The theater will officially open this fall, the weekend of Oct. 1. The space will also be used by the entire school for events, assemblies, large meetings and the like. After the first school year, the administration will assess how much time the space could be made available to the wider community.
Students and teachers alike say they have high hopes that the center will bring new levels of prestige and popularity to Paly's already acclaimed performing-arts program.
More than 400 students participate each year in the program, which includes classes in theater, stage technology and design, choir, concert band, symphonic band, string orchestra, jazz ensemble, vocal music and Advanced Placement music theory.
Though the building hasn't even officially opened, students say they already sense that their peers seem more interested in getting involved in arts productions -- such as choir students who plan to try out for next year's musical.
Following the millions of dollars spent on a new athletic center, Media Arts Center, a classroom building and improvements elsewhere on campus, students are also thrilled to see arts education get equal support.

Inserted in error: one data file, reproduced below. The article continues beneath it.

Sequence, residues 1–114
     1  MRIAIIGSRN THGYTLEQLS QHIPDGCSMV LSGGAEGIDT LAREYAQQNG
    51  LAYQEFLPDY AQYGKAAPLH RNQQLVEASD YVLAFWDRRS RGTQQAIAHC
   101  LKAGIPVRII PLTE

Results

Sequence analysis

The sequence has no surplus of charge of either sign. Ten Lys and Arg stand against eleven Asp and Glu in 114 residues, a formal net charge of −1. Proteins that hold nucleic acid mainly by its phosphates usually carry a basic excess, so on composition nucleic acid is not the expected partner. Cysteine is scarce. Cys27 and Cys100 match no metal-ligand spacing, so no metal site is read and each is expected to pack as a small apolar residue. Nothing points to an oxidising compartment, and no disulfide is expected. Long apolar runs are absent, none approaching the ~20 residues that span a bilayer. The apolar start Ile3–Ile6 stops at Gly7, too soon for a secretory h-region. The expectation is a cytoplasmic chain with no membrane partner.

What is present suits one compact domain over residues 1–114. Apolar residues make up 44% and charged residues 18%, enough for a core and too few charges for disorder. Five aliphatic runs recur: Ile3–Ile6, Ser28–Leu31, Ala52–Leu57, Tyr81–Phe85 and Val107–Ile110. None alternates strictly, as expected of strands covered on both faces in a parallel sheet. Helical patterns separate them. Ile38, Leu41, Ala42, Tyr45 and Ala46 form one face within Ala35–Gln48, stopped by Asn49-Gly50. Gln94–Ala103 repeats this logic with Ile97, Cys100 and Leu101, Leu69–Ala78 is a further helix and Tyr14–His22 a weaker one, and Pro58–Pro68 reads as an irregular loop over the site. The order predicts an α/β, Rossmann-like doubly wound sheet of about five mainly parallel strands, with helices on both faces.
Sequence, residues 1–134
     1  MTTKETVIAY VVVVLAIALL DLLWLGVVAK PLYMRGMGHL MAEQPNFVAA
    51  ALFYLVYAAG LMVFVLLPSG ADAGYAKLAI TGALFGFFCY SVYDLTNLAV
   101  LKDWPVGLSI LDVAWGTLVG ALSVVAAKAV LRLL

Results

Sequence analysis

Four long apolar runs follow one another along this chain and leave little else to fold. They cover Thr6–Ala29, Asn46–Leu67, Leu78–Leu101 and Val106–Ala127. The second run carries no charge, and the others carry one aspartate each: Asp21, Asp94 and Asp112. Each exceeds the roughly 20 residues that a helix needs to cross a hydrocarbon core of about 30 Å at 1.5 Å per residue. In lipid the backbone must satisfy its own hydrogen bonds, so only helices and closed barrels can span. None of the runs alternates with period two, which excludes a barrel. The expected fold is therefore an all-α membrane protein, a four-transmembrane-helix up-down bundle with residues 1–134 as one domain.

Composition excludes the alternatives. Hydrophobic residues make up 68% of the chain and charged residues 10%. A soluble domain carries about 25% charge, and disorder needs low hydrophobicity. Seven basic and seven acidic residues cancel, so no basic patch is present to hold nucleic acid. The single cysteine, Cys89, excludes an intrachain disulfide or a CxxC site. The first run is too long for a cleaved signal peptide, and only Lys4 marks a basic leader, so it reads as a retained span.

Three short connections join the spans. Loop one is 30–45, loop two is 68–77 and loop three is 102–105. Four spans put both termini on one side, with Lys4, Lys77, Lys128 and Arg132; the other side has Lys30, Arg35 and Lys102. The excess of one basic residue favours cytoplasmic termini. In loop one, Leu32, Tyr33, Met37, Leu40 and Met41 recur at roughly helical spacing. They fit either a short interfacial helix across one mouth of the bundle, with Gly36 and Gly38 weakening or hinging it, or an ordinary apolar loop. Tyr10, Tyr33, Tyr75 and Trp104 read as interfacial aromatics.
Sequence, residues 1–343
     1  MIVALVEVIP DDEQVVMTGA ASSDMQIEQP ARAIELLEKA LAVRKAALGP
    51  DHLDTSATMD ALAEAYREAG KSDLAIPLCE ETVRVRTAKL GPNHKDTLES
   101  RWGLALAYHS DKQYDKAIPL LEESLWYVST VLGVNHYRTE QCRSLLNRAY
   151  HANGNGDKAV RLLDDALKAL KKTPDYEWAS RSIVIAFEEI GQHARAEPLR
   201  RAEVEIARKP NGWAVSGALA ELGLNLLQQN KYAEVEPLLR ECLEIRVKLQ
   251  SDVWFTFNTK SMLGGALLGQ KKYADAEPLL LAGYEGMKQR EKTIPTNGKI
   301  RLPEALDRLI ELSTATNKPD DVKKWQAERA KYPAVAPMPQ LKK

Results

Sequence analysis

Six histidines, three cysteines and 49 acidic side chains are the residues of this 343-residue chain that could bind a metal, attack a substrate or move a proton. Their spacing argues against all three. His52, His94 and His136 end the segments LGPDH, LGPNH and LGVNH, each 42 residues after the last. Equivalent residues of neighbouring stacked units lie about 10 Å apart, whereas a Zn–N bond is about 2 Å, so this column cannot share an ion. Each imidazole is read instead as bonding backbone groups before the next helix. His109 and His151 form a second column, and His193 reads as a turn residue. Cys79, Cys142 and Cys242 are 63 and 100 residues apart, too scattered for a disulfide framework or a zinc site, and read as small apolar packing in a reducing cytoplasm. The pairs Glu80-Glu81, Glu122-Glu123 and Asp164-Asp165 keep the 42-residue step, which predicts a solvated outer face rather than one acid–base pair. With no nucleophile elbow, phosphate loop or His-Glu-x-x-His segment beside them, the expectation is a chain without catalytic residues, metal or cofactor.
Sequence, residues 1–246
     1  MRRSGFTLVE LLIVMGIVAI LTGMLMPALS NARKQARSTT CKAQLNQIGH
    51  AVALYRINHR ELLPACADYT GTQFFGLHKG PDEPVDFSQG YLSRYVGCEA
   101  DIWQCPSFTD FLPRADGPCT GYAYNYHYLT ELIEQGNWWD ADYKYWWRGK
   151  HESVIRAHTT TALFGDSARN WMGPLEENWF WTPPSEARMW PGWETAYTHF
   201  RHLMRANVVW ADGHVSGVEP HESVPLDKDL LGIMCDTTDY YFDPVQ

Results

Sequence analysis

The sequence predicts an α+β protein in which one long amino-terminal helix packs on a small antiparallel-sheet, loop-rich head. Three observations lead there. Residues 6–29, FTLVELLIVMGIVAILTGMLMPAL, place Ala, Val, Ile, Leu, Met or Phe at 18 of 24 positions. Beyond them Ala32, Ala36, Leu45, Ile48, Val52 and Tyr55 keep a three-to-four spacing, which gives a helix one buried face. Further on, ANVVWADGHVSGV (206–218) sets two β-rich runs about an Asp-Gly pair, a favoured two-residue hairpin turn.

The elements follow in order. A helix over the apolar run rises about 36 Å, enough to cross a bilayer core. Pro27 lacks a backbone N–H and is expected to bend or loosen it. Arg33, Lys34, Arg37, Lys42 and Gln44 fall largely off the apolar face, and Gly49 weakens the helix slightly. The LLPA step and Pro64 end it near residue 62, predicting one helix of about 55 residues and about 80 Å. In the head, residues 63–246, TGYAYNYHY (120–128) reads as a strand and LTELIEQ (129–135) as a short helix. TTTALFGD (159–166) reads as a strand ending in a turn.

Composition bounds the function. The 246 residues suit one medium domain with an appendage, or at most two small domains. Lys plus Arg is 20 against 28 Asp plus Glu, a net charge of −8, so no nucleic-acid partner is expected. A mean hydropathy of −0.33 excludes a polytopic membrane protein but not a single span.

Leinhos, who traveled last month to Sacramento to testify in front of the state Senate in favor of an arts-education bill, said it's meaningful to see her school support the arts.
She recalled her transition to Paly from eighth grade, when she had just moved into the district from a small private school and felt daunted by the size of her new high school. What reassured her, she said, was the fact there was a new theater on the way in the next few years.
"It kind of helped me ease into high school as well, knowing there was going to be a place for me and there was a place that I could grow," she said. "It's still helping. I guess bottom line is: I cannot wait to perform in that theater."
VIDEO: Click here to watch an online multimedia piece showing more of the new Paly performing-arts center.
Editor's note: This story was updated to correct information about the architecture firm that designed the performing-arts center. San Francisco-based Deems Lewis McKinley Architecture designed the center.